Faith! Works! Confusion! Cooperation? (It's all about the cooperation, actually.)

Recently I was asked, due to my holding a minority position of which we will not speak (so to speak {lopsided g}), how "faith" and "works" fit with my position, the implication being that I have the wrong idea about faith and works and salvation somewhere. The specifics don't matter, since I am sometimes accused of having a "works" based salvation, and I am sometimes accused of having a "faith" based salvation, and I am sometimes accused of having an idea of salvation based on nothing at all.

In fact, my idea of salvation follows from trinitarian theology, and from trying to reckon scriptural testimony coherently (exegetics); so it isn't surprising that I get accused of one thing or another, because (as I will argue below) trinitarian theology gives an important place to both faith and works, while of course ideas of faith and works in salvation which conflict with trinitarian theism ought to be avoided and denied.

Anyway, I answered according to my beliefs as a trinitarian theologian and apologist. And an examination of that may help explain and account for why even trinitarian Christians tend to snipe at one other on this topic.

(This article isn't long by my standards, but orthodox trinitarian theology is rather complicated and detailed, so don't be surprised if clicking on the jump leads to dizziness. Don't drive or operate heavy machinery while reading this article. {g})

We're either choosing to cooperate with God, or we aren't; and if we aren't, we may be choosing to act against fair-togetherness between persons instead.

So long as we insist on choosing that, we're sinning. Someone may be choosing to cooperate with God without realizing what they're doing exactly and still be working in good faith, like the mature flock in Matt 25; and I gather that the problem with the baby goats in that judgment parable is their intentional attitude toward the least of Christ's flock (like themselves!--but whom they refused to recognize themselves as), not an accidental misunderstanding about facts. Otherwise they'd be penitently learning to adjust to the real facts in that scene.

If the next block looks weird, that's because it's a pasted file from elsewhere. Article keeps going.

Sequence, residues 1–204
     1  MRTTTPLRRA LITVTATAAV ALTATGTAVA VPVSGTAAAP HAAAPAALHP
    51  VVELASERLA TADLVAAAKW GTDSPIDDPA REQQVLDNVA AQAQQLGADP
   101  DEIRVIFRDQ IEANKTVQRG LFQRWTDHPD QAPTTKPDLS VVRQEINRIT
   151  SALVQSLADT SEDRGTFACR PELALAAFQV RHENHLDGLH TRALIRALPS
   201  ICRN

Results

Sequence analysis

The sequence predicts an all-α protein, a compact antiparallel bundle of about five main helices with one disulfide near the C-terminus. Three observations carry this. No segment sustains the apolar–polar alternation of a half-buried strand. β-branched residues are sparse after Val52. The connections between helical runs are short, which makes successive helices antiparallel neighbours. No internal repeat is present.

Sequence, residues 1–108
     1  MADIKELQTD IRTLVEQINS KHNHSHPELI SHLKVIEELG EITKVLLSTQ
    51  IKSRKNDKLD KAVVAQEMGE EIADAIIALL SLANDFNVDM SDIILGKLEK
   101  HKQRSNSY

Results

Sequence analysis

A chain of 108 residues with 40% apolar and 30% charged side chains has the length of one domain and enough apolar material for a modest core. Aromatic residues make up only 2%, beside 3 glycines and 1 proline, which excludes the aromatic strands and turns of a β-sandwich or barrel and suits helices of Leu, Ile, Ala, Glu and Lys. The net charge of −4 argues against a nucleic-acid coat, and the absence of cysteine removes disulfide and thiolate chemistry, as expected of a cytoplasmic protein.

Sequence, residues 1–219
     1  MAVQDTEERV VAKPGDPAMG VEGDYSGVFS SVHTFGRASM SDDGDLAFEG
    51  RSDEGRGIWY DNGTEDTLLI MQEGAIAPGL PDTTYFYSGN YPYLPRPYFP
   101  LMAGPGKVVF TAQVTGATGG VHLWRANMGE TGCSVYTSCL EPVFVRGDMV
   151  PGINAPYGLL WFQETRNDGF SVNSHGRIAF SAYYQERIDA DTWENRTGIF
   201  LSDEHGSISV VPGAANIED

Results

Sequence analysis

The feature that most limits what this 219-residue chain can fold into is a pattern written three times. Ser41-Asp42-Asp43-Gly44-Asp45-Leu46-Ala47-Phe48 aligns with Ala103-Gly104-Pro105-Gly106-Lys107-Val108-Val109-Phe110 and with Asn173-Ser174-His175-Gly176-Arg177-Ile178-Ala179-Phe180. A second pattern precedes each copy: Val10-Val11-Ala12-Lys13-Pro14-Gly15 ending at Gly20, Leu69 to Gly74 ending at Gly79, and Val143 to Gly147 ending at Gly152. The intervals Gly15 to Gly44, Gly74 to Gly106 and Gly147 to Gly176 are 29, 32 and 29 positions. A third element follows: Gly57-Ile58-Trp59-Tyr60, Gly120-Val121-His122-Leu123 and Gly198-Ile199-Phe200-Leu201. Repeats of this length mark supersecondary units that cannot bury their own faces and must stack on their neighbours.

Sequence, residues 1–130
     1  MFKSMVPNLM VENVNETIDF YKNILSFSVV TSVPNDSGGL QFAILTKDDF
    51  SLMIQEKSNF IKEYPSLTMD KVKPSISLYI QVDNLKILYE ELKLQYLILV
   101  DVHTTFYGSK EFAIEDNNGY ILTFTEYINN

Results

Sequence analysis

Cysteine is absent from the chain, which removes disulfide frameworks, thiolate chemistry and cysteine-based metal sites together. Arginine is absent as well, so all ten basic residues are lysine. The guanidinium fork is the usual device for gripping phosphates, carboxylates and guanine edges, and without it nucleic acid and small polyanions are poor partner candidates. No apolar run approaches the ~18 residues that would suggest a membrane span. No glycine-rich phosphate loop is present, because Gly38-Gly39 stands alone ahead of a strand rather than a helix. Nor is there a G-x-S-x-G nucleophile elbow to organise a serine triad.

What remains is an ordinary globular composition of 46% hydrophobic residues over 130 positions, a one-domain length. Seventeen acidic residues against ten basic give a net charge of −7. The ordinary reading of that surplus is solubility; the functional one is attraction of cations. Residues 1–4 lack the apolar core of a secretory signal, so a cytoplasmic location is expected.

Nevertheless, if Jesus (and God more generally elsewhere, setting aside Christology variants) repeatedly testifies that people who "do the good things" get rewarded post-mortem and those who "do the bad things" get punished post-mortem (and both those quotes are literal translations of scriptural phrases in relation to judgment); and if true love involves active choices to supportively cooperate with persons (as in the Trinity for example); then those who hold to their "bad things" are going to be punished so long as they hold to them, and possibly still disciplined for teaching and training purposes even if they repent: because cooperation with God, and with our fellow creatures, is important to the life of a child of God as a child of God.

Cooperation, being an action, is certainly a work; and that applies to faith, too: being faithful, including being trustworthy, is a choice and thus a work. If anyone is looking to be saved from their sins (or even from punishment) without having to cooperate with God, then they're expecting something contradictory, and it isn't going to happen. We cannot be saved from not-cooperating-with-God without coming to cooperate with God.

If trinitarian or some other high Christology theism is true, then cooperating with God means sharing with what Jesus does on the cross -- and NOT trying to act separately from Jesus on the cross, as if we could save ourselves by crucifying ourselves (literally and/or figuratively) apart from God, but following the lead of God in cooperation with God, which includes acknowledging our proper reality and role as creatures of God.

And now we're getting into why "salvation by works" is properly denounced: we cannot convince God or make God save us, nor can we do it ourselves apart from God or as if we and God are both creatures in ontological parallel. Nor can we appeal to some standard beyond God or more fundamental than God as though God is obligated to save us by that higher standard.